Every #1 Country Single of the Nineties: Ricky Van Shelton, “I’ve Cried My Last Tear For You”

“I’ve Cried My Last Tear For You”

Ricky Van Shelton

Written by Tony King and Chris Waters


#1 (1 week)

June 2, 1990

Radio & Records

#1 (1 week)

May 18, 1990

Ricky Van Shelton scores his second No. 1 single of 1990.

The Road to No. 1

Earlier this year, Shelton had topped the Radio & Records chart with “Statue of a Fool,” the first single from his third studio album, RVS III.  Its followup did one better, topping both surveys.

The No. 1

“I’ve Cried My Last Tear For You” might sound like another classic country cover from Shelton, but he could never help that.  His rich vocal style always sounded like something from country’s first golden era, flirting with the Nashville Sound but keeping both feet firmly planted in pure country.

So this new song, co-written by the brother of Holly Dunn, fits in perfectly among his series of covers on RVS III.   It’s a quick number, barely clocking in at 2 1/2 minutes, but it gets the job done, as Shelton simply expresses that he’s been crying his eyes out of this woman.  But guess what? He’s done.

We’re not going to get many more records that sound like this, so enjoy it while it lasts.

The Road From No. 1

RVS III produced two more singles, with the new compositon “I Meant Every Word He Said” and his exquisite cover of Charlie Rich’s “Life’s Little Ups and Downs” both reaching the top five.  I’d argue that they were the two best singles from the album.   Shelton won’t resurface on this feature until 1991, which will produce three chart-toppers for him, starting with a romantic duet with the greatest female country artist of all time.

“I’ve Cried My Last Tear For You” gets a B+. 

Every No. 1 Single of the Nineties

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  1. Has there been anyone since Ricky Van Shelton who seemingly so effortlessly conferred the rich range and depth of country music’s tradition on to almost everything he recorded?

    Maybe it was as simple as that voice.

    With it, this songs breezes and bounces along. It feels like Bakersfield. It feel like Texas. It feels like Nashville. The production and instrumentation are so simple and spot on. He sounds amazing and it feels like a classic.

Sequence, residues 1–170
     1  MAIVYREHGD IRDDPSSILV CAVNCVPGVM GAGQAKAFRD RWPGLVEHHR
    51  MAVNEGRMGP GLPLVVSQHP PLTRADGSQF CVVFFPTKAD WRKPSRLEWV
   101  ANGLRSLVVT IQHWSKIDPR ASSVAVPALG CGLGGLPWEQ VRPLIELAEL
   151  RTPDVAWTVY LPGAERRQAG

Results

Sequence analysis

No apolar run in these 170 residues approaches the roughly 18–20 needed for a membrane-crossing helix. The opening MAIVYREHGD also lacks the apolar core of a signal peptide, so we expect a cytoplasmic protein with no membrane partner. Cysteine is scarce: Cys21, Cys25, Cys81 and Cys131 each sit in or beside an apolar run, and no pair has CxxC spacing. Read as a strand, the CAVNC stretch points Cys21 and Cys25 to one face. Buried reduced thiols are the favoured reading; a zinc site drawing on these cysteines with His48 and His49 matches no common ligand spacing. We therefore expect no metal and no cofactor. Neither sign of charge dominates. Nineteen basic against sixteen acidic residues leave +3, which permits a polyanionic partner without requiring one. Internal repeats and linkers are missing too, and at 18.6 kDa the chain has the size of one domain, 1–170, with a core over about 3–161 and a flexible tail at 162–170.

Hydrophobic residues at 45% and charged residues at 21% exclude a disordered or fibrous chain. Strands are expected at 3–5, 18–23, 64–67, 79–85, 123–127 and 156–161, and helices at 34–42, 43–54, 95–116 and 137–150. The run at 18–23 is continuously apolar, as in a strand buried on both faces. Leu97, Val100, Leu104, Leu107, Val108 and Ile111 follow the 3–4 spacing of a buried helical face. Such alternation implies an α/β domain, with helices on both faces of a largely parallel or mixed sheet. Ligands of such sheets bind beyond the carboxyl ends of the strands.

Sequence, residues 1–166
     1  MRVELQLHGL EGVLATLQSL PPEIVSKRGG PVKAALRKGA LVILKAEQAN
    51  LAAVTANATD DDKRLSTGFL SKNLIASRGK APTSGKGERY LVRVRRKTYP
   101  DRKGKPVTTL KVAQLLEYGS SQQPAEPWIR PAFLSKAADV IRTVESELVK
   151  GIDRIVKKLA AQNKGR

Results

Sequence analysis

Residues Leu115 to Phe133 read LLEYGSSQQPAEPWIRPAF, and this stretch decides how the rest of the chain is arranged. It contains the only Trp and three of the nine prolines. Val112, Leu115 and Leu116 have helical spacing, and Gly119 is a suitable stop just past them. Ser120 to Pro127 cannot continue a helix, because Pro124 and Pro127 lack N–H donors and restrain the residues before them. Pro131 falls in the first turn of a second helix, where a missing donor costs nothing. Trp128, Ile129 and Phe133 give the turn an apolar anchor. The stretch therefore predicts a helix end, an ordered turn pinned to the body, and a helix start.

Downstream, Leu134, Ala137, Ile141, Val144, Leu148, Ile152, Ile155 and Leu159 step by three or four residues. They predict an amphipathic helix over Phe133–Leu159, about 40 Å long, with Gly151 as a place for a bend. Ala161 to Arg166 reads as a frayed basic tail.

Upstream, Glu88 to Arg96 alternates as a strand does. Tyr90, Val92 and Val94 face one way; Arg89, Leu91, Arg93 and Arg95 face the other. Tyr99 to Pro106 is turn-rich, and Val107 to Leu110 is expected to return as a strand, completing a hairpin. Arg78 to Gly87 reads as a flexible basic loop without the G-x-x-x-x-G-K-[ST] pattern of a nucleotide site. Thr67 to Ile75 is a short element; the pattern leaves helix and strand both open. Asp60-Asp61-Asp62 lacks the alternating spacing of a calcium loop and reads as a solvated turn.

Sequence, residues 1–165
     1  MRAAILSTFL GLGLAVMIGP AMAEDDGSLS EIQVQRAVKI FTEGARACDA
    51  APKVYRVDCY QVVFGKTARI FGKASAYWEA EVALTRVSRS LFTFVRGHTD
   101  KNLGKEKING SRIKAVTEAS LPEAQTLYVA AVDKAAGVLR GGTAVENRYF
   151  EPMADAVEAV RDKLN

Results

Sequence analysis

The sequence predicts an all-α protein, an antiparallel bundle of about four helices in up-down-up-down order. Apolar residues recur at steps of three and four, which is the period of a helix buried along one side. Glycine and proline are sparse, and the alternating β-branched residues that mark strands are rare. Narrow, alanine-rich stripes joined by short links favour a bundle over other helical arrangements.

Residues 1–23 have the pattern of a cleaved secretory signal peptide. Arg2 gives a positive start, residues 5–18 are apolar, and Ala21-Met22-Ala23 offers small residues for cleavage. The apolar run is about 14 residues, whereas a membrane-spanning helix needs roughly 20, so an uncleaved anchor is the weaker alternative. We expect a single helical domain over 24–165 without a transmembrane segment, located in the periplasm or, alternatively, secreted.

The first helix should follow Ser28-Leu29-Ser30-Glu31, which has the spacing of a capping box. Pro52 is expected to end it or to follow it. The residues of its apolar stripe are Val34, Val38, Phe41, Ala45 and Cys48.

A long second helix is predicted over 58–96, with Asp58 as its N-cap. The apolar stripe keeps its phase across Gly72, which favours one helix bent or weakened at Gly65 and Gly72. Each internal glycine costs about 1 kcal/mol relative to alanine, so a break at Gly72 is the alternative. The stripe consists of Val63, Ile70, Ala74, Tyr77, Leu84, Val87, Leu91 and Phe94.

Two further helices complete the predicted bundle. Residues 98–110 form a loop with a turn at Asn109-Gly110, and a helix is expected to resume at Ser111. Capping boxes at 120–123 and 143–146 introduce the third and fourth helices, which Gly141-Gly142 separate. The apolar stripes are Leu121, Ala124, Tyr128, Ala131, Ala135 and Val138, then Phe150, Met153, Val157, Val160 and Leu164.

Obviously, my infatuation with Shelton is showing. He was my favourite vocalist of this era.

    His first three albums measure up against the first three albums from Clint Black and Garth Brooks, and Lyle Lovett, three artists in my mind who improved their output album to album to album.

    This is the golden and bright sound of Shelton at his best.

  2. I loved RVS and hate that his career lasted such a relatively short time. I agree with this as a B+ and also agree that “I Meant Every Word He Said” and “Life’s Little Ups and Downs” were solid A’s (although I liked Charlie Rich’s original of Life’s Little Ups and Downs” even more – it was written by Charlie’s wife Margaret Ann, and Charlie invests the song with a certain depth that no one else has ever managed).

  3. Nothing new to add, but I’ll echo the comments that Ricky Van Shelton really makes his songs sound like classics, including this one! This really is a good song from a great album.

  4. This has always been one of my all time favorites by RVS. This and Vince Gill’s “Take Your Memory With You” are two of my most favorite honky tonk shuffles from the early 90’s that sound like they could’ve been covers long lost 50’s or 60’s tunes. I pretty much share Peter Saros’ infatuation with Shelton, as well, especially since he provided much of the soundtrack to my early childhood, and I’ve always just loved that voice.

    I remember my step dad bringing home both this album and George Strait’s “Chill Of An Early Fall” on cd in the Fall of 1991 when I was six and recognizing this song immediately and loving it when he first put it in the stereo. And yes, I really like the two follow up singles after this one, as well, especially “I Meant Every Word He Said.”

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